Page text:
Link to Joe Real's Bark Grafting Tutorial

marknmtAugust 9, 2014

This link should get you to the tutorial, but you'll have to register with the Citrus Growers Forum. I did and have never experienced any problems from it.

After gaining access to the site you'll find links to propagation of citrus, one of which actually is Joe bark grafting a pear. Very thorough, very helpful, nicely done and easy to follow.

That said, bark grafting is, for me, limited. I find that it works better on younger wood and probably better on pear than apple. Maybe I just have a tough old apple and tender wittle pear.

Here is a link that might be useful: Joe Real's bark grafting tutorial

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Agreed. For pear tree branches that have bark that is older, thicker, stiffer, and grayer, I stop at about 1" diameter or thereabouts. And that is only when the branch is actively growing new leaves and thus full of sap that lets the thick bark easily slip away from the core wood. Once the scion is inserted and thus pushes the 2 stiff flaps on either side of the vertical slit upward so they no longer have contact with the core wood, they will not be pulled downward to again make flawless contact with the core wood by wrapping tape tightly around them. Leaving an under-the-flap gap that new tissue will have to fill in. Or not. An opened up desk stapler can be used to firmly staple down both flaps parallel to the scion so that more of the 2 flaps' under surface will resume having flush contact with the core wood. The staples are too dinky to be pushed into harder wood like citrus, but they sure make pear tree bark flaps get snugged up to the thicker/older pear core wood much better than only using tape wrapping. ....Bark grafting on pomegranate branches that are 1" and older can also work OK, but the side of the r/s branch opposite the slit will usually die off to about a 2" "dead bark zone". But the scions on the other side still grow like crazy. Next time I topwork older poms, I will do a bark graft on 2 opposite sides of each branch to hopefully get a better result........When following Joe's practice of slicing very thin strips of very thin bark on the back side of the scions just prior to inserting the scions below the flaps and next to the core wood, I have a difficult time making the very thin slices w/o sometimes going too deep into the already-thin wood. So, instead of slicing, I hold the grafting knife perpendicular to the scion and lightly scrape away the hyper thin bark on both side edges of the scion's wedge point. Just like using a knife blade to scrape the skin off of carrots. No more gouges.....Hats off to Joe Real for his very helpful how-to tutorials.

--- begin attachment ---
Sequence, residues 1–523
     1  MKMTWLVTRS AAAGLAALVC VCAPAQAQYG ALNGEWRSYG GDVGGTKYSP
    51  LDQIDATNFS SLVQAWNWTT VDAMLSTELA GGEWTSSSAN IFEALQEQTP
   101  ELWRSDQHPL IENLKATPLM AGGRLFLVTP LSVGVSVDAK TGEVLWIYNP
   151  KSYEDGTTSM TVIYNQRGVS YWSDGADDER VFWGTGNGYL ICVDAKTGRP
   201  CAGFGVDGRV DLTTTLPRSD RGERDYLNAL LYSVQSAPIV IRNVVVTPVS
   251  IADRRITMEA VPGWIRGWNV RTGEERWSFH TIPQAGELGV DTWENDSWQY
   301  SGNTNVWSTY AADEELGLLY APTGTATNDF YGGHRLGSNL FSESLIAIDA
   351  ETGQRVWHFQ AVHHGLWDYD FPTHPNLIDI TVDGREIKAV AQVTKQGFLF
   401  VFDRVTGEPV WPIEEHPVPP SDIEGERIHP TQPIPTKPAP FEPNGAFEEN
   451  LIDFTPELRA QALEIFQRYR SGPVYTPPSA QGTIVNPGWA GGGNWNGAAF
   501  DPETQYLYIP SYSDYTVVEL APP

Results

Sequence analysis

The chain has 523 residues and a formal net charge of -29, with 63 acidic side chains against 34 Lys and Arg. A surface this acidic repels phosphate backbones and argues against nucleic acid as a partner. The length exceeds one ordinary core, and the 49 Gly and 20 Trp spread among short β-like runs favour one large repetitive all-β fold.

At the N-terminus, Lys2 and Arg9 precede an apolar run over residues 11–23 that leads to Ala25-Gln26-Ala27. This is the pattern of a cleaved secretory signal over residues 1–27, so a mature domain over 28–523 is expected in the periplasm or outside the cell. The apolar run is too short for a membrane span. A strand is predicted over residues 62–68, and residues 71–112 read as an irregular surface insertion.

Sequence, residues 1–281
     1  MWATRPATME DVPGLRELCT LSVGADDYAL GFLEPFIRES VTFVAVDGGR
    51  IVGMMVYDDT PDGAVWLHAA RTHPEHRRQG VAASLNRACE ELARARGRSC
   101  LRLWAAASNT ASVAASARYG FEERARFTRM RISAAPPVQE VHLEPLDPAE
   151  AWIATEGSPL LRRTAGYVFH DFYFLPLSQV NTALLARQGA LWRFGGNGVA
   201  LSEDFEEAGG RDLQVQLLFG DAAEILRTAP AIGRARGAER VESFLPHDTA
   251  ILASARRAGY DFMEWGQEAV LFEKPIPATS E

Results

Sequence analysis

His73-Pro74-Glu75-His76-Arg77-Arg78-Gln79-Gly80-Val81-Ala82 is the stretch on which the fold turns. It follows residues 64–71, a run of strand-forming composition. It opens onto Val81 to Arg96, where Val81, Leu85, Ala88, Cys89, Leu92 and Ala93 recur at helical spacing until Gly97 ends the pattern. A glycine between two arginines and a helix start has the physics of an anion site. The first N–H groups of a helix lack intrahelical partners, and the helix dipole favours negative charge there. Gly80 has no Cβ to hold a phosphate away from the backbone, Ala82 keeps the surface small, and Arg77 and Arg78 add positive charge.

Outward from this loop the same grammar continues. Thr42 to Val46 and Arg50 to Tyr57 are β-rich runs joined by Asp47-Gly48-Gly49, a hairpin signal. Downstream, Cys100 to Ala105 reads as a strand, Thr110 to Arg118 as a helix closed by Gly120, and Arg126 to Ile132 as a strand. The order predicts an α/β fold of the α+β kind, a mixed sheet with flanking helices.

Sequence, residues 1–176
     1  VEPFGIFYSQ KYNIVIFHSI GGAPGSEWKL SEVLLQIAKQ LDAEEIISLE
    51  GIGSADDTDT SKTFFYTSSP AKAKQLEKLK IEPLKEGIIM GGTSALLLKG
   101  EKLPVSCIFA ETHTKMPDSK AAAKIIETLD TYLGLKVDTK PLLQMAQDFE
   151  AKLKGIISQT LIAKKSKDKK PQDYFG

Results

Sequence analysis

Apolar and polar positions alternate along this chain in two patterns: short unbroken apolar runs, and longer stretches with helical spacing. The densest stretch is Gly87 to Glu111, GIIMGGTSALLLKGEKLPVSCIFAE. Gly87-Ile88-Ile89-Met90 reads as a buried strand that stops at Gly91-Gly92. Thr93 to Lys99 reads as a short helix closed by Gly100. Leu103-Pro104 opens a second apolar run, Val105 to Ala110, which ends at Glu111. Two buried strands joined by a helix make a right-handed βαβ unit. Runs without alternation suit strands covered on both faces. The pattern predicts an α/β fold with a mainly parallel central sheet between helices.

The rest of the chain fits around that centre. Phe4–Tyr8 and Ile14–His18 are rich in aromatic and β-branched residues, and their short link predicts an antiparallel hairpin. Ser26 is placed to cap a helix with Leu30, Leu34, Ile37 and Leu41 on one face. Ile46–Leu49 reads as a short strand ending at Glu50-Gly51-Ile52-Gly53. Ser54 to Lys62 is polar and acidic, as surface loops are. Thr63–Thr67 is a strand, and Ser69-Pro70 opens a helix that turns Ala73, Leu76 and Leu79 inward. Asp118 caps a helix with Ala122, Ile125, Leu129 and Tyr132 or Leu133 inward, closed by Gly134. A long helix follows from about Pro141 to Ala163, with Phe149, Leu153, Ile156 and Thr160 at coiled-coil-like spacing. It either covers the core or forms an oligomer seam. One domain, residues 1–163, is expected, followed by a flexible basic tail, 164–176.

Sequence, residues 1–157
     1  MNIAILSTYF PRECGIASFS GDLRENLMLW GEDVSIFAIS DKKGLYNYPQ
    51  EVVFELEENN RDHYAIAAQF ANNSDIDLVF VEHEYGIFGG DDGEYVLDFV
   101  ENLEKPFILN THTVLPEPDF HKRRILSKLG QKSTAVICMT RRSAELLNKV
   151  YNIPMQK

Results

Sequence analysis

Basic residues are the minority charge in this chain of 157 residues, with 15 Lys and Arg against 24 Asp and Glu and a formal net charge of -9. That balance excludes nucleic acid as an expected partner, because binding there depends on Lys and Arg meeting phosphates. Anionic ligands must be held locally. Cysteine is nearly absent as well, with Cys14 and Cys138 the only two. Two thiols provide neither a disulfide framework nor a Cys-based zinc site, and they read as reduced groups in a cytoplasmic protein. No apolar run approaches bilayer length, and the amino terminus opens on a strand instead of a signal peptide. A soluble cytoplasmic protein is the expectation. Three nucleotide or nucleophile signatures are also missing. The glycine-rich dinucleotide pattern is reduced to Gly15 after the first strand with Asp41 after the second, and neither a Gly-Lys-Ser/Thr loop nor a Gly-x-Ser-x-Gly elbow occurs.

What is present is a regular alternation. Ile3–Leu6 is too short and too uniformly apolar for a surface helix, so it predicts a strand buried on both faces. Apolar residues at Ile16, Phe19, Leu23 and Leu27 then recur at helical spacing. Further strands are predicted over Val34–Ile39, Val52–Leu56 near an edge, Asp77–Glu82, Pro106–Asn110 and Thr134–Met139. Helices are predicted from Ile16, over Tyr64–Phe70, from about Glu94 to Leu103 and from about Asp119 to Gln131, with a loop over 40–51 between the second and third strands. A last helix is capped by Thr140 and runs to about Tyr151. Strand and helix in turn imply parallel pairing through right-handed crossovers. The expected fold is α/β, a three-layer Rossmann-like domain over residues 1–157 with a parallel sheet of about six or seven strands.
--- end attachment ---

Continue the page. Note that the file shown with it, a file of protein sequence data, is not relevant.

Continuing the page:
Bookmark   August 10, 2014 at 8:37AM
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